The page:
Data Center Interconnect is driving optical innovation. Component suppliers and systems vendors are racing to offer the highest data rate, longest reach and least expensive optics for use within and between data centers. The innovation in speed, packaging, digital signal processing and systems is enabling new applications for data center operators. This article describes some of the innovative ways data centers are using these new options in optical transport for data center interconnect.
A new and welcome trend that has emerged sees utility companies using their existing infrastructure and pre-existing utility ducts in innovative ways to provide customer connections. This trend is obviously driven by the desire to eliminate the cost of installation, which can ultimately make or break any FTTH project…
Modern high bit rate optical communication channels now use polarization, amplitude and phase of the optical carrier to encode digital information. The future of optical communication requires Optical Arbitrary Waveform Generation (O-AWG). The ability to produce any kind of optical waveform, through the use of an optical modulator and an electrical AWG requires better accuracy and reliability than ever before. O-AWG’s require full control of an optical modulator, including the ability to bias at any arbitrary point on the modulator's electrical-to-optical transfer functions. The needs of the research and development community are ever changing and a truly arbitrary O-AWG will be as necessary to the optical R&D engineer as is the electrical AWG is for the RF engineer.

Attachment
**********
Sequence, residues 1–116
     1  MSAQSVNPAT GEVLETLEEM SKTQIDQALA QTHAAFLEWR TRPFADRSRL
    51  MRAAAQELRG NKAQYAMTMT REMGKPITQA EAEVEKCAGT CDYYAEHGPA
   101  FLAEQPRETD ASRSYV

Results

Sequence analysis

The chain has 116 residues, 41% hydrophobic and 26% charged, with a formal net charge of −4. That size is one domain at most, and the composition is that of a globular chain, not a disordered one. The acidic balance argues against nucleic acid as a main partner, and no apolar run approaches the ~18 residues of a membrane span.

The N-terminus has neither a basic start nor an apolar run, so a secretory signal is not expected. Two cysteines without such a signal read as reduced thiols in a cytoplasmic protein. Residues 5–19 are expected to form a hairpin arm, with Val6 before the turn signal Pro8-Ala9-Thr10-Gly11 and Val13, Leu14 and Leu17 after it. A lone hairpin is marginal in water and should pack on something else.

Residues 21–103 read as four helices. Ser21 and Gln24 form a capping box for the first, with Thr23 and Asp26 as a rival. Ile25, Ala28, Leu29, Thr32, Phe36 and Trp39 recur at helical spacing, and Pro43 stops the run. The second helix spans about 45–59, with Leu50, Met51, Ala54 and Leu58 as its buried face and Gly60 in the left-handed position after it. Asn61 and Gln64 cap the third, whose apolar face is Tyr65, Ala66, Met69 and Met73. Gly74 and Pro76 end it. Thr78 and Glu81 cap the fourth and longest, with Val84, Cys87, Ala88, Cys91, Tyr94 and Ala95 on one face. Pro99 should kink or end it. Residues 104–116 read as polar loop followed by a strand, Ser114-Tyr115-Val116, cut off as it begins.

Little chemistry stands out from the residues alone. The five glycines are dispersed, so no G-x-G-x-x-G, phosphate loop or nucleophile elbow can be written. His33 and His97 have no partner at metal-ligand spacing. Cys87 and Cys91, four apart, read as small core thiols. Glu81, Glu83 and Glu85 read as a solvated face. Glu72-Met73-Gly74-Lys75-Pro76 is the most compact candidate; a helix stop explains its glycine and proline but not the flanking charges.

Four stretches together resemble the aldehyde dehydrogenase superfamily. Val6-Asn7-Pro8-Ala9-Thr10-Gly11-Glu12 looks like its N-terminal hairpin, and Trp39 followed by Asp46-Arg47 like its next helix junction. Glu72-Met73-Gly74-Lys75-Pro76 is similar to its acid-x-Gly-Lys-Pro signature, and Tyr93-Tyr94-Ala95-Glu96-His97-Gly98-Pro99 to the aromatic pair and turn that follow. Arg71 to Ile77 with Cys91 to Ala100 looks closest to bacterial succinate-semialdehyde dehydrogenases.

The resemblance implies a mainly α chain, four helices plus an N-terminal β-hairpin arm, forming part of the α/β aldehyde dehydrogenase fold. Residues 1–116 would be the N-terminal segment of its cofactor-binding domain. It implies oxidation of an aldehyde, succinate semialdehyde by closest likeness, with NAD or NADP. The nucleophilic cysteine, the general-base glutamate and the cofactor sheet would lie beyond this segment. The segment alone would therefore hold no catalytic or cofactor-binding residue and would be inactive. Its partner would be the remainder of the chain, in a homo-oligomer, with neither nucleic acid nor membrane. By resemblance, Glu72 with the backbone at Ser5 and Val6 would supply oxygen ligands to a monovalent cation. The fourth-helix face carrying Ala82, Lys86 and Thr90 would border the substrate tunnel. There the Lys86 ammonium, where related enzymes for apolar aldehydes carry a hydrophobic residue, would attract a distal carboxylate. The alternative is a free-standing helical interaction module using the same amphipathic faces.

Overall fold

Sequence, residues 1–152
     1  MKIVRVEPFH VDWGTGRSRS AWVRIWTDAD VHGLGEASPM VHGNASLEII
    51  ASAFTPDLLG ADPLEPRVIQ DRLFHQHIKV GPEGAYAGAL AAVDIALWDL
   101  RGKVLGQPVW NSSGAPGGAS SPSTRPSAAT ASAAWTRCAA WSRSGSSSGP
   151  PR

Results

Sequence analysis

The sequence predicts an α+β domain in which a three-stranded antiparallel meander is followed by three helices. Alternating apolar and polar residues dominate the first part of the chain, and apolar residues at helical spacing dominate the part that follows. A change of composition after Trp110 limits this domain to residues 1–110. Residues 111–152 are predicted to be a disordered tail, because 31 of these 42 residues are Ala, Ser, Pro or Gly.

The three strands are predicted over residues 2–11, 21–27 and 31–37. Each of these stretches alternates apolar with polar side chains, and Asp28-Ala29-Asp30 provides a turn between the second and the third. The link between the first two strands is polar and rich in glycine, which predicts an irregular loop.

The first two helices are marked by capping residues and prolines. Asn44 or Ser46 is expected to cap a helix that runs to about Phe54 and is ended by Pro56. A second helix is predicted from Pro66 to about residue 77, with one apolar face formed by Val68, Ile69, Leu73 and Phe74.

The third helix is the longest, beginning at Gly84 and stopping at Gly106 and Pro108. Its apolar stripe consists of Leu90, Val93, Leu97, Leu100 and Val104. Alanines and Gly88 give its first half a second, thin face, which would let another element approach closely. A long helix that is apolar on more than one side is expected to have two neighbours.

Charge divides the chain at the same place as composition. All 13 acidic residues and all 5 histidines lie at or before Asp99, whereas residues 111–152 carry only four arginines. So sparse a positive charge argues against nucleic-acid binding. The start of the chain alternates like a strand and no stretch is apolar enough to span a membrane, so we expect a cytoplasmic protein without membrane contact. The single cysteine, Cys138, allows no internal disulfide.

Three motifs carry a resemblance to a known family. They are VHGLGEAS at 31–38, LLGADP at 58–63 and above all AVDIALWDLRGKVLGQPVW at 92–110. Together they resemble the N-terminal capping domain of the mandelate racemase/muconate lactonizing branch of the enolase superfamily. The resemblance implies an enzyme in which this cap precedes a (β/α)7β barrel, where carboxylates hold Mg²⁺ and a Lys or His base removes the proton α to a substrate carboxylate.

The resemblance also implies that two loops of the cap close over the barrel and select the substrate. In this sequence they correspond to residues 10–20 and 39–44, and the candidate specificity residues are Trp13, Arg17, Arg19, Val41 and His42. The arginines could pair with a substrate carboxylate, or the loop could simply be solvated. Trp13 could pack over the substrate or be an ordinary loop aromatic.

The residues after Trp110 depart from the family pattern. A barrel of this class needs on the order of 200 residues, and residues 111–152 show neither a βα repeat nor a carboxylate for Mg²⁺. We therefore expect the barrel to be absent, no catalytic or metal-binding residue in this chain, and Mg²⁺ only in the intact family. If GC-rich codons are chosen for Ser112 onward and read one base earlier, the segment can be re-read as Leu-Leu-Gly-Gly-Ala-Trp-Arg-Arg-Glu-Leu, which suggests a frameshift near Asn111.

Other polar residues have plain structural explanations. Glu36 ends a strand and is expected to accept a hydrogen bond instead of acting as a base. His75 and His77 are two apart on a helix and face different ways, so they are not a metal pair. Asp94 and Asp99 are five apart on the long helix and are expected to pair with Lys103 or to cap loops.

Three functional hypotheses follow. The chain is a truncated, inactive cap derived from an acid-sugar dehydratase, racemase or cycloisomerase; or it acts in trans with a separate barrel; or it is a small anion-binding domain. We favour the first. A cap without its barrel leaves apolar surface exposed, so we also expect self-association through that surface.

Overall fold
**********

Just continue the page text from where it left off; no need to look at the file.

Service providers are moving towards mesh-based transport networks, and the latest technological advance is the standards-based Shared Mesh Protection, which leverages an intelligent GMPLS control plane so a meshed transport network can recover from multiple local and network-wide failures while lowering costs by avoiding the need to dedicate backup bandwidth for every active circuit. This article will examine hardware-accelerated Shared Mesh Protection as a means of increasing the network resiliency without incurring additional fiber-related expenses.
Cost and compatibility can make a compelling case for pushing 100Gb/s bandwidth over a single optical channel, both as individual links and supporting 400Gb/s Ethernet, finds Andy Extance
Robin Mersh takes a look at how the industry is creating next-generation optical access fit for 5G
Technological advances to aid the increasing demand for bandwidth, on the path towards the terabit network, should lead to optical signals that are flexible and adaptive, like water, argues Dr Maxim Kuschnerov and Dr Yin Wang